What are primary care networks?
The principle of Primary care networks (PCNs) is to bring general practices together to work at scale for a range of reasons, including improving the ability of practices to recruit and retain staff; to manage financial and estates pressures; to provide a wider range of services to patients and to integrate with the wider health and care system more easily. PCN’s cover populations of approximately 30–50,000 patients.
What do primary care networks do?
Primary care networks (PCNs) are required to deliver a set of seven national service specifications: structured medication reviews, enhanced health in care homes, and supporting early cancer diagnosis, anticipatory care (with community services), personalised care, cardiovascular disease case-finding, and locally agreed action to tackle health inequalities.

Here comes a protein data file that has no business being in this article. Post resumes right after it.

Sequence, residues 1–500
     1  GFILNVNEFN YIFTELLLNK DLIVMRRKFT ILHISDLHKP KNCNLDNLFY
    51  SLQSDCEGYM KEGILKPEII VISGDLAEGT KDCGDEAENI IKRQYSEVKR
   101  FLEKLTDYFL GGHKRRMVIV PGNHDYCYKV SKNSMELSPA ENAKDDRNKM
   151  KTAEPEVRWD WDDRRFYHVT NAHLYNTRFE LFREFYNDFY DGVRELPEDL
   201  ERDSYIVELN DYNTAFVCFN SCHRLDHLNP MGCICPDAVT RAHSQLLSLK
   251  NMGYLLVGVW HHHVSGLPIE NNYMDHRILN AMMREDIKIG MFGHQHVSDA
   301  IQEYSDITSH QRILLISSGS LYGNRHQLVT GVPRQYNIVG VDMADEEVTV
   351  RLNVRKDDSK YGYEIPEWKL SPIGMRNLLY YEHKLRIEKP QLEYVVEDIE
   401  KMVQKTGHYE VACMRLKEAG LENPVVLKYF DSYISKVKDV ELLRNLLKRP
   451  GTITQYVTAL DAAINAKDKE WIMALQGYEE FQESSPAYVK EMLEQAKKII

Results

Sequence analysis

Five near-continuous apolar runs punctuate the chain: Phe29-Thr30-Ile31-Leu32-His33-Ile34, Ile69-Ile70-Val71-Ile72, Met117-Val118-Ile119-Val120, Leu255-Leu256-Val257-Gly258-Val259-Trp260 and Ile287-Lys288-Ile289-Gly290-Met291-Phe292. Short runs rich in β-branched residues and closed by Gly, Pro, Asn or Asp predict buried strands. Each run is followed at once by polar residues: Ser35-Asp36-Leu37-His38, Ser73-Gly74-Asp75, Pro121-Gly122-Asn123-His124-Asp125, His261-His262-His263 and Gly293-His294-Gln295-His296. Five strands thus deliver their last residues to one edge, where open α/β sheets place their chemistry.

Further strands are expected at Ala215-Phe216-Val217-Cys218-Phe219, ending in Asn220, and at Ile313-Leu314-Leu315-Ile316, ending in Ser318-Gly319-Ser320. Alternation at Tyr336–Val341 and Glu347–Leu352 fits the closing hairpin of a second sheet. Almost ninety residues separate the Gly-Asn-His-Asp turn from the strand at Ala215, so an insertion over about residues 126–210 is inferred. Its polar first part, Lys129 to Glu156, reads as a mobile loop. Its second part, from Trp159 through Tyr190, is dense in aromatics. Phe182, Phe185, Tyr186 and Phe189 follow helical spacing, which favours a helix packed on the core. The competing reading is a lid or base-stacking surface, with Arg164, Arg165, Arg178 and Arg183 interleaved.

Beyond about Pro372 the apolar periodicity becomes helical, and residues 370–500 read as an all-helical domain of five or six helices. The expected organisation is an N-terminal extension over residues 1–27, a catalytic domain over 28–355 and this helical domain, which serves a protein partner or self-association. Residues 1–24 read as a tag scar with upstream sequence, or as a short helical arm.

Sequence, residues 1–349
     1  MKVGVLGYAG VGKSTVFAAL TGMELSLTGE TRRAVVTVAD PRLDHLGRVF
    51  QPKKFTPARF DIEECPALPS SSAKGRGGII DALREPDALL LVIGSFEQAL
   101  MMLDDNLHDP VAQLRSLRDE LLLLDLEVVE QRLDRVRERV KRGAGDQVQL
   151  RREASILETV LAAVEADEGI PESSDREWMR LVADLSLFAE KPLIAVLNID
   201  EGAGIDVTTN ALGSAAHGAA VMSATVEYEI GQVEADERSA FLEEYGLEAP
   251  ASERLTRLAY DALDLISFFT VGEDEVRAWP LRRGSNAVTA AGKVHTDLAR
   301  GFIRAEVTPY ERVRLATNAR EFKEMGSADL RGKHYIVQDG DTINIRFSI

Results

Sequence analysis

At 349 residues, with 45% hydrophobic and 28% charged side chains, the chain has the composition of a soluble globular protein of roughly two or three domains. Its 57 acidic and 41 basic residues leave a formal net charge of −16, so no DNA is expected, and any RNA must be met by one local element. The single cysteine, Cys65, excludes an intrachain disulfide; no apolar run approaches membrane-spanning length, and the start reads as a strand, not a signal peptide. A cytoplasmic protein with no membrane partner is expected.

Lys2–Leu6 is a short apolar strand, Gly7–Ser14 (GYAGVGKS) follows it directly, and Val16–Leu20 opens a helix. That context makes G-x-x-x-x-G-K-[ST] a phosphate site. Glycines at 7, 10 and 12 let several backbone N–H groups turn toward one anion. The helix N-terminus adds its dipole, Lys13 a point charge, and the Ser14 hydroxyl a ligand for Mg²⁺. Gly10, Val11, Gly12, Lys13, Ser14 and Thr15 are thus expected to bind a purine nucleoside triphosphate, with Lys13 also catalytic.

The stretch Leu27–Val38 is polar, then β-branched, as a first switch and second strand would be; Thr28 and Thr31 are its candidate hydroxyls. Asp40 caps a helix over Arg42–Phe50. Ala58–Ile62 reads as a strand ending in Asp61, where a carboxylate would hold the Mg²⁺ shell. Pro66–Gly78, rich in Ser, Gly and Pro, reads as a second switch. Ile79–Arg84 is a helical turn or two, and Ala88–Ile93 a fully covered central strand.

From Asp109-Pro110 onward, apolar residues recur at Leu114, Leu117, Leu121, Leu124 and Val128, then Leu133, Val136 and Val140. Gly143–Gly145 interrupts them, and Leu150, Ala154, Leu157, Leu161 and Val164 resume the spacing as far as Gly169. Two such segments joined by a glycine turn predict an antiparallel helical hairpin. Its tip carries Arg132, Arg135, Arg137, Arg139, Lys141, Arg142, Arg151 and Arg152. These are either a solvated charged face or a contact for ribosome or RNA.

To do this networks are expected to provide a wider range of primary care services to patients, involving a wider set of staff roles than might be feasible in individual practices, for example, first contact physiotherapy, extended access and social prescribing.
Networks are also the footprint around which integrated community-based teams have developed, and community and mental health services have configured their services around PCN boundaries. These teams will provide services to people with more complex needs, providing proactive and anticipatory care.
Primary care networks are expected to think about the wider health of their population, taking a proactive approach to managing population health and assessing the needs of their local population to identify people who would benefit from targeted, proactive support.